EU Elections: The new balance of power in the European Parliament

Written by The Parliament Magazine on 3 June 2019 in News
News

The historic end of the European Parliament’s so-called Grand Coalition has opened the door to the EU’s Greens and Liberal groups.

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They are ready to extract a high price from both main centrist parties in return for their support in delivering a parliamentary majority.

This potential four-party core coalition in the Parliament is primarily due to the loss of centrist seats to the Liberals and a so-called ‘Green Wave’ by European Greens that saw them gain 17 seats to take fourth place in the elections with 69 MEPs.

The scale of the expected surge in populist support failed to materialise, despite right-wing victories predicted for France, Italy, Germany and Poland. Populist parties won some 112 seats in the new Parliament, up by 34 on the 2014 showing.


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The populists lost ground in the Netherlands and Austria, while gaining new MEPs in Spain and Belgium. Nigel Farage’s Brexit Party clinched top place in the UK’s election count with almost 32 percent of the vote.

Despite Emmanuel Macron’s Renaissance alliance coming second to Marine Le Pen’s RN, the French President’s MEPs and those from the Romanian USR-PLUS coalition will see the Parliament’s reconstituted ALDE group in a ‘kingmaker’ position with 109 MEPs, up 40 from the previous election.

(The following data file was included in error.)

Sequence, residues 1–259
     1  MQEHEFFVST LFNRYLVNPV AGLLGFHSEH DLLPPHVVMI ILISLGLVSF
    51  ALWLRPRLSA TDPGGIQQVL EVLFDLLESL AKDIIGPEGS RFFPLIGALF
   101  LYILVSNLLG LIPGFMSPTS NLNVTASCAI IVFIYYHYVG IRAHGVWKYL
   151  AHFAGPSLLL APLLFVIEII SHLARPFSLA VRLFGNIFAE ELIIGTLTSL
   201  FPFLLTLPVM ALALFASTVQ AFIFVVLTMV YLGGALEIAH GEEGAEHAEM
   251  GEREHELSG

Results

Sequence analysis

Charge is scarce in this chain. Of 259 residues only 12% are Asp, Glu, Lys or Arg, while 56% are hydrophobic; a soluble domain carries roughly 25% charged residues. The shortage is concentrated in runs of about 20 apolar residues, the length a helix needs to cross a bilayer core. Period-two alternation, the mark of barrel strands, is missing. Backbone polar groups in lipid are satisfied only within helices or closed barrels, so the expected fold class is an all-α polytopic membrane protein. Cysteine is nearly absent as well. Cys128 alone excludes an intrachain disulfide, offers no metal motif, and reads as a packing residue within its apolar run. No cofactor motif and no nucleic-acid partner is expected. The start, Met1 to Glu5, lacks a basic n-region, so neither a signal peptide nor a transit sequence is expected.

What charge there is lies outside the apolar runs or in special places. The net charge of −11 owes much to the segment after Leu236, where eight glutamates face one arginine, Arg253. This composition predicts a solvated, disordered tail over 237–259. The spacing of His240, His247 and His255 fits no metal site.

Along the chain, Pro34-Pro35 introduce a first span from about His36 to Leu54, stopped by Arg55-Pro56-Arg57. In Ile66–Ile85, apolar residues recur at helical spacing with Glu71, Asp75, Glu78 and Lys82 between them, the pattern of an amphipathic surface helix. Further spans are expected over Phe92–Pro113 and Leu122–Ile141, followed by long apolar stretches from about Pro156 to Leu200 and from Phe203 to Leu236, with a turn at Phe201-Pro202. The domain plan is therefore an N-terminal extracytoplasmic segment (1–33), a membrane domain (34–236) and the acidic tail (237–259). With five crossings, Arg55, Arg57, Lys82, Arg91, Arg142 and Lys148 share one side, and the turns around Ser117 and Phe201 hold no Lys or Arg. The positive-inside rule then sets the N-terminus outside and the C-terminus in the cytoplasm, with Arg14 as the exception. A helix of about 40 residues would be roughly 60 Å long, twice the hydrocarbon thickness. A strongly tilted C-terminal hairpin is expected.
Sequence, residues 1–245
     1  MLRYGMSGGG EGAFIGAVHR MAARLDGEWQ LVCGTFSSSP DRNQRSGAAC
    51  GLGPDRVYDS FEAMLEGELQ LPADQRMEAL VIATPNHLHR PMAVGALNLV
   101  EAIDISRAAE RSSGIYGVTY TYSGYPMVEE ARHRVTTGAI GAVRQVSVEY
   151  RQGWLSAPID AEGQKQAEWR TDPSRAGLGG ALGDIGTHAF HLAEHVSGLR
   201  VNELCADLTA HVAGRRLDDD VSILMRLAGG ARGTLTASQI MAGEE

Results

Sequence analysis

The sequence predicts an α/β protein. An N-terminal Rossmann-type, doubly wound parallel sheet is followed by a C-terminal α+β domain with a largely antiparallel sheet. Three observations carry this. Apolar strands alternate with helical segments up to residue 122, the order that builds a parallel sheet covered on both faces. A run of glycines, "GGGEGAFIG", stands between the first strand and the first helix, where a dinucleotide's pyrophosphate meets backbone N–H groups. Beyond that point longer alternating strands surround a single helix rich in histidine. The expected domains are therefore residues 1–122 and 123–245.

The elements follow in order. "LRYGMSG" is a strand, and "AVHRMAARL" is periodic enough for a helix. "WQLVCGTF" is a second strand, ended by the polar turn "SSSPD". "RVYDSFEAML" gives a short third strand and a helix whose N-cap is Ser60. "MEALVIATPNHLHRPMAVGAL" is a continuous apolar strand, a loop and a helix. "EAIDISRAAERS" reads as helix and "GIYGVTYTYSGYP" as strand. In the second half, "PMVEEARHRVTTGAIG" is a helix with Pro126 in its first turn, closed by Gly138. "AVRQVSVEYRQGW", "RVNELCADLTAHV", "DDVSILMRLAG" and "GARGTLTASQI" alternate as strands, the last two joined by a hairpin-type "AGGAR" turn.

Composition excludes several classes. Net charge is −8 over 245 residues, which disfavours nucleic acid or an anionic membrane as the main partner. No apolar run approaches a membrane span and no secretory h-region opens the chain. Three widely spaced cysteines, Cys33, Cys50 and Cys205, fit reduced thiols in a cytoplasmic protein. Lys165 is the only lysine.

With voter turnout passing the 50 percent mark for the first time in more than 25 years, coupled with the loss of the centrist EPP/S&D majority coalition, Liberal leader Guy Verhofstadt felt emboldened enough to say, “Europe is back… and it’s popular”.

The historic end of the European Parliament’s so-called Grand Coalition has opened the door to the EU’s Greens and Liberal groups.

They are ready to extract a high price from both main centrist parties in return for their support in delivering a parliamentary majority.

This potential four-party core coalition in the Parliament is primarily due to the loss of centrist seats to the Liberals and a so-called ‘Green Wave’ by European Greens that saw them gain 17 seats to take fourth place in the elections with 69 MEPs.

The scale of the expected surge in populist support failed to materialise, despite right-wing victories predicted for France, Italy, Germany and Poland. Populist parties won some 112 seats in the new Parliament, up by 34 on the 2014 showing.

The populists lost ground in the Netherlands and Austria, while gaining new MEPs in Spain and Belgium. Nigel Farage’s Brexit Party clinched top place in the UK’s election count with almost 32 percent of the vote.

Despite Emmanuel Macron’s Renaissance alliance coming second to Marine Le Pen’s RN, the French President’s MEPs and those from the Romanian USR-PLUS coalition will see the Parliament’s reconstituted ALDE group in a ‘kingmaker’ position with 109 MEPs, up 40 from the previous election.

With voter turnout passing the 50 percent mark for the first time in more than 25 years, coupled with the loss of the centrist EPP/S&D majority coalition, Liberal leader Guy Verhofstadt felt emboldened enough to say, “Europe is back… and it’s popular”.

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